A generally slow (but good!) week, which frankly could probably stand to happen more often. This time around we have Injustice #21, All-New X-Men #12, The Movement #2, and the return of Astro City with a #1 on the cover.
Injustice: Gods Among Us (2013) #21
Tom Taylor & Neil Googe
If you haven’t yet read my review of the previous issue, I’d recommend it. Last week the momentum of this series took a noticeably new direction, steering Injustice away from canon and into uncharted waters. This week, those waters mingle with blood.
Batman and his rudimentary insurgence take center stage this week, sabotaging an operation involving Hawkgirl and introducing a rather important argument to the conflict in this book: if you’re going to try to police the world, you’re going to be spread pretty thin. Batman may not be able to go toe-to-toe with Superman, but intellectually he has the upper hand, and here we see an exemplary case of his strategic thinking in action.
Of course, there are two main moments this issue will be remembered for. The first (which happens last) is the confirmation of the mystery character’s identity (it’s just what most of us assumed). The second is another shocking deviation of characterization which is guaranteed to upset fans. We’ve known for a while that something was different about this Diana, but this week we see just how different she really is.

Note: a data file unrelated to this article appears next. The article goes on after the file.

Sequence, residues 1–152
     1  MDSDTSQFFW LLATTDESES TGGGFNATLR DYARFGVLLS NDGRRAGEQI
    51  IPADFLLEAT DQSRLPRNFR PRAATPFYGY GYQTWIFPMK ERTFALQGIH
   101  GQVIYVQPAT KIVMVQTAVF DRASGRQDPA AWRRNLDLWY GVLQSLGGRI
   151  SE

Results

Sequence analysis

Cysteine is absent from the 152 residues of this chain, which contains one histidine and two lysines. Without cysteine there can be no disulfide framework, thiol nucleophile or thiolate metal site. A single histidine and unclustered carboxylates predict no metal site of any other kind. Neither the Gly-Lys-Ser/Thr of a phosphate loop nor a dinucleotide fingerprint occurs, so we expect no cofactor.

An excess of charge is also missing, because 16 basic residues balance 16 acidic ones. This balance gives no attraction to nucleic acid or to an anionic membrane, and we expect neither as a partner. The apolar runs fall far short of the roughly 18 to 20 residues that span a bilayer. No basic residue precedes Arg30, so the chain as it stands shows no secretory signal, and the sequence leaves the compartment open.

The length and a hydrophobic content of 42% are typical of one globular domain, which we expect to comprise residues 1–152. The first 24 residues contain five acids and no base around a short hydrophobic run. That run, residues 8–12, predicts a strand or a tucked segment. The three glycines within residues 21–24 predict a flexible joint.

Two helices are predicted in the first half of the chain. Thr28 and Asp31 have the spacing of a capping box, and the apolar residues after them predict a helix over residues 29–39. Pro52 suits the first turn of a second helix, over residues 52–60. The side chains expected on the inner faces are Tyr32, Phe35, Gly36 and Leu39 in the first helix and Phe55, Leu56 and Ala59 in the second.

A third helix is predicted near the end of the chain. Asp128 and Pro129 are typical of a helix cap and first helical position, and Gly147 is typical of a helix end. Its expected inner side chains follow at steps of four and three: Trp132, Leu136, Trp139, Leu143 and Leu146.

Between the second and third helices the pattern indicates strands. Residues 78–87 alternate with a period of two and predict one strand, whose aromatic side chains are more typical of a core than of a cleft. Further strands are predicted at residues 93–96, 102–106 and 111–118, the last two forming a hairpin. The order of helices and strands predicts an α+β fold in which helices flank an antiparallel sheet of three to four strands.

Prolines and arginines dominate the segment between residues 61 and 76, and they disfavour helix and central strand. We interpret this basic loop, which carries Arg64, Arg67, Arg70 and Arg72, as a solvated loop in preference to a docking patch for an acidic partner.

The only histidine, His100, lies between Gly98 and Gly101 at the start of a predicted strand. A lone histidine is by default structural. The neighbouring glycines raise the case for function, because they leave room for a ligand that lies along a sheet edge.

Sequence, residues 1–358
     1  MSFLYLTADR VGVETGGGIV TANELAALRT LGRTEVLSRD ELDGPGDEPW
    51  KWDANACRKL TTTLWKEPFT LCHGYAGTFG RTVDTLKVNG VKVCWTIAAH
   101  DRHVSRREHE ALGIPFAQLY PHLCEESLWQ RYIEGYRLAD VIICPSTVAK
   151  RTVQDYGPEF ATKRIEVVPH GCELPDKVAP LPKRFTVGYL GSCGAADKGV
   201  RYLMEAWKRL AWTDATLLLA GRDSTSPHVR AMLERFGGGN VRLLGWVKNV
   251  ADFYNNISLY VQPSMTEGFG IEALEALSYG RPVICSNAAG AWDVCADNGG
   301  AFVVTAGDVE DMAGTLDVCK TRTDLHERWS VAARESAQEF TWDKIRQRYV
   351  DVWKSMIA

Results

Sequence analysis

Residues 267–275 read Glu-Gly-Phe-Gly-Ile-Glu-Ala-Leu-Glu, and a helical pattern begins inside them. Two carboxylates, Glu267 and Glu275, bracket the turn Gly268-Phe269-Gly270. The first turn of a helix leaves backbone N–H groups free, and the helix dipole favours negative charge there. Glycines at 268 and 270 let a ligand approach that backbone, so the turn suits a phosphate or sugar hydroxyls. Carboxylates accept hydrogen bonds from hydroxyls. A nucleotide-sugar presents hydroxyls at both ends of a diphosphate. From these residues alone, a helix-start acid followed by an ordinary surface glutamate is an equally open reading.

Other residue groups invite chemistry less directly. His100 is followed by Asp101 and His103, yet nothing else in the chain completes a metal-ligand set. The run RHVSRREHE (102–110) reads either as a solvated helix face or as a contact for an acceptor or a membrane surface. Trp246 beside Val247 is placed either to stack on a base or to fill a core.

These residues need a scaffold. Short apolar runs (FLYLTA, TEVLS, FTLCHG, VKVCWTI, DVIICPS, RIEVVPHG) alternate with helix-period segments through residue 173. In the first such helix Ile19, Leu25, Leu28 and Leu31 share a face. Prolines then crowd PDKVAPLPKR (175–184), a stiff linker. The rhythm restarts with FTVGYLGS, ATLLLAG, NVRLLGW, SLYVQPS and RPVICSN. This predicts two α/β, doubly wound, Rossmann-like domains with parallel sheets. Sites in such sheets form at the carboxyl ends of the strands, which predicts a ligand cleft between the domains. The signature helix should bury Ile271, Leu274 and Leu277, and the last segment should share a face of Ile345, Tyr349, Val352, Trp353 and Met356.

There are some good art moments and some very awkward ones in this issue. Googe’s style is a big more cartoony than usual, which makes for some weird faces at times. Action sequences, however, are brilliant, particularly the opening Hawkgirl scene.
At this point, the dead horse is beaten enough. If you still haven’t given this book a try, you don’t have any excuses ^_^
The Movement (2013) #2
With No Hint of Malice
Gail Simone & Freddie Williams II
Love or hate Gail Simone, it’s hard to deny that the first issue of The Movement was decent. Coral City’s very first appearance was striking enough to feel established, and we got a true sense of the corruption a noir P.I. might say is eating away at the city’s core like so many filthy worms. But as with noir, Coral City is painted not in black and white but grey. The Movement may think itself heroic, but not all of its actions are.
The cops from the now infamous “give us a peek” video are given a perfunctory tour of the Movement’s base of operations by de facto team leader Virtue before being tossed in a makeshift jail cell while the “war council” discusses what to do with them. The team may have pulled off a somewhat successful showing in the previous issue but it is far from unified, and the clashing personalities (particularly between Katharsis and Virtue) make for a fun and engaging dialogue.